10 coffees from around the world
Do you need a strong cup of coffee to help you get up in the morning? You’re not alone. From Sweden to Vietnam, those little beans are brewed into a much-loved (sometimes, much-needed) drink that comes in a whole raft of varieties. Standing at a coffee-shop counter, staring at a mammoth list of options, it’s easy to feel overwhelmed by choice. Whether you add cheese, condensed milk or a lashing of whiskey, read on to take your taste buds on a journey through the coffee world.
1. Turkey: Türk Kahvesi
Turkish coffee is famous around the globe; traditionally it’s prepared in a ibrik or a cezve, a small copper or brass pot. There are several intricacies that distinguish Turkish coffee preparation. Firstly, the sugar is added during the brewing process (throw out your teaspoon), and secondly there’s no cream or milk. The cup is made with finely ground coffee beans: the boiling process creates a foamy surface, which shouldn’t be disturbed – so resist the temptation to stir your coffee. Cardamom adds a little spice to the mix.
Traditional Turkish Coffee. Photo: Azra H/Shutterstock
2. Sweden: Kaffeost
You’d be forgiven for flinching from this peculiar speciality, found in Sweden and neighbouring Finland. The name literally translates as “coffee cheese”, and that’s exactly what it is: coffee poured over cubes of “Leipäjuusto” cheese. In Finland, the cheese is usually served as a side with your cuppa, but in Sweden they go the whole hog and put the cubes in the coffee cup. It’s not for everyone.
Kaffeost. Photo: StockphotoVideo/Shutterstock
3. Greece: Frappe
There’s nothing like an iced coffee on a blistering day, and the Greeks know it. Frappe – accidentally invented by a Nescafé employee called Dimitris Vakondios in 1957 – is eternally popular on the Mediterranean shores of Greece, made with iced instant coffee and plenty of foamed milk. You can have your coffee sketo (no sugar), metrio (some sugar) or glyko (2–4 spoonfuls of sugar).
Frappe served in Santorini, Greece. Photo: silalena/Shutterstock
4. Mexico: Café de Olla
A hug in a mug, Mexico’s Café de Olla is often found in rural areas with colder climes. Brewed in a clay pot, this variety’s unique flavour comes from piloncillo cones – unrefined cane sugar – and cinnamon. It’s usually served black, and you’ll also come across brews accented with orange peel, cloves and allspice.
Mexican Café de Olla. Photo: Mauricio Avramow/Shutterstock
5. Vietnam: Ca Phe Da
Over in Vietnam, coffee is served very sweet and very strong. Ca Phe Da is another iced variety, the coffee being brewed through a French drip filter into a cup of ice mixed with condensed milk. It’s a sweet tooth’s delight.
Vietnam black coffee style (Ca phe den). Photo: CPM PHOTO/Shutterstock
6. Ethiopia: Ethiopia Genika
Coffee culture is alive and well in Ethiopia, where a local proverb translates as “coffee is our bread”. Often referred to as the “birthplace of coffee”, the country has been exporting the stuff since the 15th century; today’s, it’s among the world’s top coffee producers (and consumers). There are a staggering 6–10,000 varieties of coffee in Ethiopia. The most widely consumed variety is aromatic Arabica coffee, enjoyed during elaborate coffee ceremonies: beans are roasted in a pan before being ground, brewed and served to family and guests. The traditional coffee ceremony in Ethiopia. Photo: hecke61/Shutterstock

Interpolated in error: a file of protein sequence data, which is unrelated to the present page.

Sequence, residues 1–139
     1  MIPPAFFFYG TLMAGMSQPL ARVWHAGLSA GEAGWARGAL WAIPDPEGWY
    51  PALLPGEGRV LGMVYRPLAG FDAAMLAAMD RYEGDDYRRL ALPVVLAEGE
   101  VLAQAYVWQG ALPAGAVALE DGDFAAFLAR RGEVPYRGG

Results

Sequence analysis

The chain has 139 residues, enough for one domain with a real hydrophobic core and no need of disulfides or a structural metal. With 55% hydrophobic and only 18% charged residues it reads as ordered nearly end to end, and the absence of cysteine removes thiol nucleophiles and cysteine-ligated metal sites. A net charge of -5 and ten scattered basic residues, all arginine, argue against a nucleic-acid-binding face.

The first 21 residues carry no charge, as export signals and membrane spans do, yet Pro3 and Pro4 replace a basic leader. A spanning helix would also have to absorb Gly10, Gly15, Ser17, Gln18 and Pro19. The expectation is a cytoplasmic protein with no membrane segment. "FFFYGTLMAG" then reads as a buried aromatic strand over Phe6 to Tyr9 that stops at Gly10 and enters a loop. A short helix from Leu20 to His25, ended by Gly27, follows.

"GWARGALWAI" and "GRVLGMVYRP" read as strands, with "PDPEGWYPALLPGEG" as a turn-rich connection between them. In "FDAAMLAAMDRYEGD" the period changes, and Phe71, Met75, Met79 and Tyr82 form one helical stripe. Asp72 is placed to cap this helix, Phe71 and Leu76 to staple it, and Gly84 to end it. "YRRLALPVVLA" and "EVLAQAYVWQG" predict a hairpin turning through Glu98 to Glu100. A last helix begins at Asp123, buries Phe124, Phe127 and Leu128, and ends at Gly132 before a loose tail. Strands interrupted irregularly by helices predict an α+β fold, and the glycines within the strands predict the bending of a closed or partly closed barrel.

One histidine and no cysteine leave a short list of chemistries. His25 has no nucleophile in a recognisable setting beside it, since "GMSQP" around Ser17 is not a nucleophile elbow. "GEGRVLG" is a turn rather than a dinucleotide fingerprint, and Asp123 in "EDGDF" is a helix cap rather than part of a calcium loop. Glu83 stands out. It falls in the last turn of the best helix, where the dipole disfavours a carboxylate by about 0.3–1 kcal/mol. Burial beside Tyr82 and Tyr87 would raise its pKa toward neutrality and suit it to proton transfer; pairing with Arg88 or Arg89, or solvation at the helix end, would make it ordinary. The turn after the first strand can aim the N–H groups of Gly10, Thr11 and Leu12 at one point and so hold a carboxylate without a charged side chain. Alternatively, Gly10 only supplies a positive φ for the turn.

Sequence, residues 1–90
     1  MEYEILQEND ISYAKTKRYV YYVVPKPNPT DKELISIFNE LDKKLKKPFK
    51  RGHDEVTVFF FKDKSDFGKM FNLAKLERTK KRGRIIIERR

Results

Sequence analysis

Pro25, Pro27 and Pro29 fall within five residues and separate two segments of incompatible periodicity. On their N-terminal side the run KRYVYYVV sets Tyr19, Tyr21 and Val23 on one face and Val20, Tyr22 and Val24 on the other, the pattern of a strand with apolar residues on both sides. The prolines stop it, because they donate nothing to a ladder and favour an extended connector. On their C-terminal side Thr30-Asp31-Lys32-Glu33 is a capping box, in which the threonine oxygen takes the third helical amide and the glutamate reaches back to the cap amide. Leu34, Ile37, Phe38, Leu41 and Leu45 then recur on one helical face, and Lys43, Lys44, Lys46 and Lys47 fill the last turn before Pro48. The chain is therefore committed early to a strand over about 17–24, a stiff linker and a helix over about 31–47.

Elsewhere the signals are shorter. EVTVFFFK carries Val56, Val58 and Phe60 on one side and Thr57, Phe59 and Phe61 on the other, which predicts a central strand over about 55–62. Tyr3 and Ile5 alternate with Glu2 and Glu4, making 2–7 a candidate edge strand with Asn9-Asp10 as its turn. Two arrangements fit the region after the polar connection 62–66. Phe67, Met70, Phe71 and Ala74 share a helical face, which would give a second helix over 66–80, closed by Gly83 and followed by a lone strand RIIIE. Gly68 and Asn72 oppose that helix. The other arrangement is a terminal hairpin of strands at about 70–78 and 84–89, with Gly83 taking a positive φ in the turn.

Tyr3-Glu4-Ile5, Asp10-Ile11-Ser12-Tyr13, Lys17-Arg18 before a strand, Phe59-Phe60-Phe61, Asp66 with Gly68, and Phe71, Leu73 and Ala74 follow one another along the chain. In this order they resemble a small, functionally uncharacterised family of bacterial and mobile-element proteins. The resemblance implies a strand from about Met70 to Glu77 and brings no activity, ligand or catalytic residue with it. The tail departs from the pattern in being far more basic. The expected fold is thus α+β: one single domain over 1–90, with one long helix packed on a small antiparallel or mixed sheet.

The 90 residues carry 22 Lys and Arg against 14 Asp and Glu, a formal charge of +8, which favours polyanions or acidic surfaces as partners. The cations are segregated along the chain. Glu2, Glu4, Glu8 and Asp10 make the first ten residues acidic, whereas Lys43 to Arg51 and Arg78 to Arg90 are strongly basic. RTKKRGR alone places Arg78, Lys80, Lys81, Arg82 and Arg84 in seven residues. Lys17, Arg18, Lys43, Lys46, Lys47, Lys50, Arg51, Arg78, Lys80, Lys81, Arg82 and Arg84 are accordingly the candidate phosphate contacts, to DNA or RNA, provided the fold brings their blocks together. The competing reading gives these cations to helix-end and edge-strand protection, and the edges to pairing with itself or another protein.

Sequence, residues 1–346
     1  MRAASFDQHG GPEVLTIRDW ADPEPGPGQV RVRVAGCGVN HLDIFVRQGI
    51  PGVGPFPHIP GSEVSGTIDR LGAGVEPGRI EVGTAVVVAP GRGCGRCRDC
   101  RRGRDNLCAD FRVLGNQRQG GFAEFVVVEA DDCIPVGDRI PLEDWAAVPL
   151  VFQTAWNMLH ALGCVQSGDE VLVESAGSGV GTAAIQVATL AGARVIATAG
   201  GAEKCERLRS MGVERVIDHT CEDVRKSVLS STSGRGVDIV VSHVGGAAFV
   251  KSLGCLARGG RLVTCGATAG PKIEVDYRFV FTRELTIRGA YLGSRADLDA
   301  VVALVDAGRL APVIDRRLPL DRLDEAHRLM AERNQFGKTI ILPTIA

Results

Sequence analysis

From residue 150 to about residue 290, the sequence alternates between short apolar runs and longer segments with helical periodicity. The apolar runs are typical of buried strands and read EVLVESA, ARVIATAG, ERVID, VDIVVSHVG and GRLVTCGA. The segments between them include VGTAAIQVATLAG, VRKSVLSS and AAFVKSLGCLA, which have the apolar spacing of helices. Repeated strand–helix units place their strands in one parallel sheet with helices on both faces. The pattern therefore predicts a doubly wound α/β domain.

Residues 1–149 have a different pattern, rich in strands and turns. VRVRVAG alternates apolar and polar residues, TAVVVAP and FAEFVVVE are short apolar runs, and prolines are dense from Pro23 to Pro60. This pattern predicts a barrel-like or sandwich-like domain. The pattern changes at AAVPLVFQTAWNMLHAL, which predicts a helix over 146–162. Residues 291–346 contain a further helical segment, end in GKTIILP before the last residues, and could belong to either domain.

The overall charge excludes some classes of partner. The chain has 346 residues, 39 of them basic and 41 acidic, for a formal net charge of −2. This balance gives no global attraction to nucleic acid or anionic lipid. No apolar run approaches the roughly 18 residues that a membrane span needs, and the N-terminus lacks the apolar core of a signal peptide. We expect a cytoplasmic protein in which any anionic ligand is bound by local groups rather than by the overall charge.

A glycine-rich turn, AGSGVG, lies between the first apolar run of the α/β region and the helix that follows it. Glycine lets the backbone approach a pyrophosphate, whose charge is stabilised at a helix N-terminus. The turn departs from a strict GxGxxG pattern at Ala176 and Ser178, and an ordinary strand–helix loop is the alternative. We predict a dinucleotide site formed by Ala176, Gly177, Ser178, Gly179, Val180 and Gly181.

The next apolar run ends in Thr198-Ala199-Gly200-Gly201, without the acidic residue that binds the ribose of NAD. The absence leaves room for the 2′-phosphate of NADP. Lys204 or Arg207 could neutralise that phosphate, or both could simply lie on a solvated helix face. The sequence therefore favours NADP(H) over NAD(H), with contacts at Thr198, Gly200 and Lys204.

7. Austria: Weiner Mélange
Austria is famous around the world for its elegant cafés and cosy coffee shops, especially in the capital, Vienna. And it’s not just the delectable cakes that draw in the punters; it’s the coffee, too. “Viennese Coffee House Culture” has even been inscribed by UNESCO as a mark of Austria’s “intangible Cultural Heritage”. The Weiner mélange is essentially an espresso topped with steamed milk and foam. Ask for whipped cream and cocoa powder to finish it off if you’re feeling hungry – the whipped cream also insulates the coffee below, keeping it warm.
Vienna coffee. Photo: rape blossoms/Shutterstock
8. Brazil: Cafezinho
Similar to an espresso – but even stronger – a cafezinho is a hallmark of Brazilian hospitality, offered to visitors to any home. Thick, strong and brewed through a special cloth flannel filter, it is served super sweet, though the sugar is added early on as part of the brewing process. Generally drunk without milk or cream, this is a caffeine hit to savour.
Cafezinho. Photo: Ze Roberto Muniz/Shutterstock
9. Ireland: Irish coffee
A winter bone-warmer, the Irish coffee is perfect for anyone looking for a coffee with a kick. Made with hot coffee, Irish whiskey and lashings of thick cream, the drink was invented by a man named Joseph Sheridan back in 1942.
Homemade Irish Coffee with whiskey and whipped cream. Photo: Brent Hofacker/Shutterstock
10. Italy: Affogato
Italians are serious about their coffee, and certainly know how to make a brew. But look beyond the cappuccinos and lattes and there are more gems to discover. How about mixing Italian coffee with another famous Italian delicacy, for instance: gelato? This classic Italian combo involves pouring hot espresso over a generous scoop of ice cream. Variations to the dish include adding a shot of liqueur to the mix, such as amaretto or Bicerin.
Affogato coffee with vanilla ice cream. Photo: asife/Shutterstock